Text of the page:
“The University of Florida study examines concentration information in toilet paper for PFAS including PFOA, the most studied PFAS. However, the study fails to acknowledge that PFOA is widespread in the environment. In the study, toilet paper samples tested were close to or below the limit of detection, consistent with PFOA levels found in the environment and not attributable to the manufacturing process.

“Our industry is committed to product and environmental safety, and we continue to lead on product stewardship and innovation in the manufacture of sustainable and essential paper and tissue products.”

A growing number of research studies are showing that PFAS pose significant health and environmental risks, said Craig Butt, PhD, the manager of applied markets in the division of Strategic Global Technical Marketing at the biomedical and environmental firm SCIEX.

“PFAS have been linked to everything from elevated cholesterol levels and liver damage to fertility problems and cancer,” Butt told Healthline. “In recent years, regulatory agencies in Europe and the United States have begun placing statutory limits on PFAS in drinking water and in consumer products. Furthermore, emerging epidemiological and toxicological studies are showing that there are no safe exposure levels to PFAS for humans, which indicates that even minuscule amounts of contamination can create significant issues.”

Butt said that there are an estimated 5,000 PFAS chemicals, “many of which are not well characterized or understood.”

The Natural Resources Defense Council recommends that manufacturers discontinue all non-essential use of PFAS chemicals.

“That PFAS are being detected in toilet paper is a good example of an instance where intentional use elsewhere in the economy is spilling over and becoming a contamination issue in a product where PFAS is not needed,” said Pelch. “Because PFAS are ubiquitous in our environment, individuals cannot buy our way out of PFAS exposure, and therefore a comprehensive approach is needed, including the phase-out of all nonessential uses of PFAS as quickly as possible. Furthermore, research and development of safer alternatives to PFAS is needed to address those uses that are currently unavoidable.”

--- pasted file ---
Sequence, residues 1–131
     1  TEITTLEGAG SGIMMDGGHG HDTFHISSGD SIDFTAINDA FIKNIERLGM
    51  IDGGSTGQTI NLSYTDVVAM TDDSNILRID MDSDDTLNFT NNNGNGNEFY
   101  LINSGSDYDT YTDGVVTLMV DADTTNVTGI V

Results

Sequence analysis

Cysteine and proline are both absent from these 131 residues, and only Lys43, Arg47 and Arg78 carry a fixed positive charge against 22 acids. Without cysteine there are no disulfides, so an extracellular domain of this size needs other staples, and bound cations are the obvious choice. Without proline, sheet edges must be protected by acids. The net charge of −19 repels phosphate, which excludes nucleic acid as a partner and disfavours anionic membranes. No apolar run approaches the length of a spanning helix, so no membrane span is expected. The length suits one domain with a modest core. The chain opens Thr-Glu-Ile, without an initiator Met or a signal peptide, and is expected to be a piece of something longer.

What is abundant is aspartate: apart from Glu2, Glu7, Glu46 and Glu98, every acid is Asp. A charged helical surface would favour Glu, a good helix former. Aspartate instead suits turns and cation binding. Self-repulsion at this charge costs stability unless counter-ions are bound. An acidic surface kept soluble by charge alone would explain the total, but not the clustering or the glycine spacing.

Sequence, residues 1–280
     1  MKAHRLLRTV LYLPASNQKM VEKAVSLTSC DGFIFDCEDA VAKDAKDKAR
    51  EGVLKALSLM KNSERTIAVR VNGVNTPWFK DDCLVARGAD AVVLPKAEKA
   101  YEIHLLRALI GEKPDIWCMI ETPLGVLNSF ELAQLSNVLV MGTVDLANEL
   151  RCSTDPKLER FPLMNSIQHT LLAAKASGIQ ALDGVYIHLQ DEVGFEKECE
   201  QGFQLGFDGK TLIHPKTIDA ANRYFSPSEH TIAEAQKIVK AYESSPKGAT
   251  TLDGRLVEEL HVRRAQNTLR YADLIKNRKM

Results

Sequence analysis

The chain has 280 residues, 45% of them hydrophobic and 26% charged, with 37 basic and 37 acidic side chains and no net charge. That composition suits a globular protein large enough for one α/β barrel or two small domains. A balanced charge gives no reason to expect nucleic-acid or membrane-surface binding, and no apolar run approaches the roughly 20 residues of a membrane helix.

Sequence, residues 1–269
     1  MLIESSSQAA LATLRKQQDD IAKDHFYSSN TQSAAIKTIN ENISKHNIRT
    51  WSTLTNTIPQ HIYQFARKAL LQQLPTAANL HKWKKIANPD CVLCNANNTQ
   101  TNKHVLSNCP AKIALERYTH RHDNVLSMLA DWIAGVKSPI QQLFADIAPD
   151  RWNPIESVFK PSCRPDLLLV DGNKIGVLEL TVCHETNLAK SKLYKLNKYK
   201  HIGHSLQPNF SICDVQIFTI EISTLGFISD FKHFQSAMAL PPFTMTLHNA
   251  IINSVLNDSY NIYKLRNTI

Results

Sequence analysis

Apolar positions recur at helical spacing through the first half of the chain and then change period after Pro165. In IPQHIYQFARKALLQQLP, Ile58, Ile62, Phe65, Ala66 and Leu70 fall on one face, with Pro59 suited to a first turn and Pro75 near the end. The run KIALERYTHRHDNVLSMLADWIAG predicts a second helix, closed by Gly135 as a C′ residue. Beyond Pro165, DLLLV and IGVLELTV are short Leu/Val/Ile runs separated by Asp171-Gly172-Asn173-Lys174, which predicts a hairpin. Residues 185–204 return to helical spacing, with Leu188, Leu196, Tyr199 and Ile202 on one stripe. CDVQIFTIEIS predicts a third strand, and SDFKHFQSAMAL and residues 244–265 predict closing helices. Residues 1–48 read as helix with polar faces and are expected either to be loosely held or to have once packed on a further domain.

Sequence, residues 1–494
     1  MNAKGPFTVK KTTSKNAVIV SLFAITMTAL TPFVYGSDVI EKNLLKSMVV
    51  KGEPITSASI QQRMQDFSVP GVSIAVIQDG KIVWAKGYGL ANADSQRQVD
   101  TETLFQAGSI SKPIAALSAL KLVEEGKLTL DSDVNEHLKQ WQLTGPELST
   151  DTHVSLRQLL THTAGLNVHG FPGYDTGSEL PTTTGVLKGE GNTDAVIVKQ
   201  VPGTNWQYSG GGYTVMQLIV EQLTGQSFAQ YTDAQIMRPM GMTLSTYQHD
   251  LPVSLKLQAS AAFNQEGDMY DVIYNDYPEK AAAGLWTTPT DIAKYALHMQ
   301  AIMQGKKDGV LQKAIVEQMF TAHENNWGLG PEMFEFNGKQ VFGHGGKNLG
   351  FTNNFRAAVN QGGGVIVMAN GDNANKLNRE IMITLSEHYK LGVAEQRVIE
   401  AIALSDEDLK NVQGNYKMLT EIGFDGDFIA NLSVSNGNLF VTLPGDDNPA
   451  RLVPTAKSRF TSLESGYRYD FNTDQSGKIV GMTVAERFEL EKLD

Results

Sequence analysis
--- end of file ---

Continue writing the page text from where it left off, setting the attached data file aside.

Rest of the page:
Dr. Scott Bartell, a professor of environmental and occupational health at the University of California Irvine’s Program in Public Health, told Healthline that it’s difficult, but not impossible, to filter PFAS out of drinking water.

“Traditional community water treatment processes don’t remove PFAS and drinking water regulations haven’t kept up with the evolving science on the health effects of PFAS, so even water supplies that are well treated and otherwise safe may contain harmful levels of PFAS chemicals,” he said. “PFAS also remain in the environment for decades or centuries, as they don’t break down very easily, so PFAS that we put into the groundwater now will still be there for future generations to deal with.”

However, Bartell added, “people with PFAS in their drinking water can remove at least some PFAS chemicals from their water with NSF-approved water filters, which use granular activated carbon to absorb the PFAS.”

“Graphite filters have been shown to be effective in mitigating PFAS contamination to an extent,” agreed Butt. “The limitation of such filters is that … the filter can’t hold a lot of capacity. But even if successful in capturing PFAS, the next question is what to do with the filter, which has now become contaminated with PFAS.”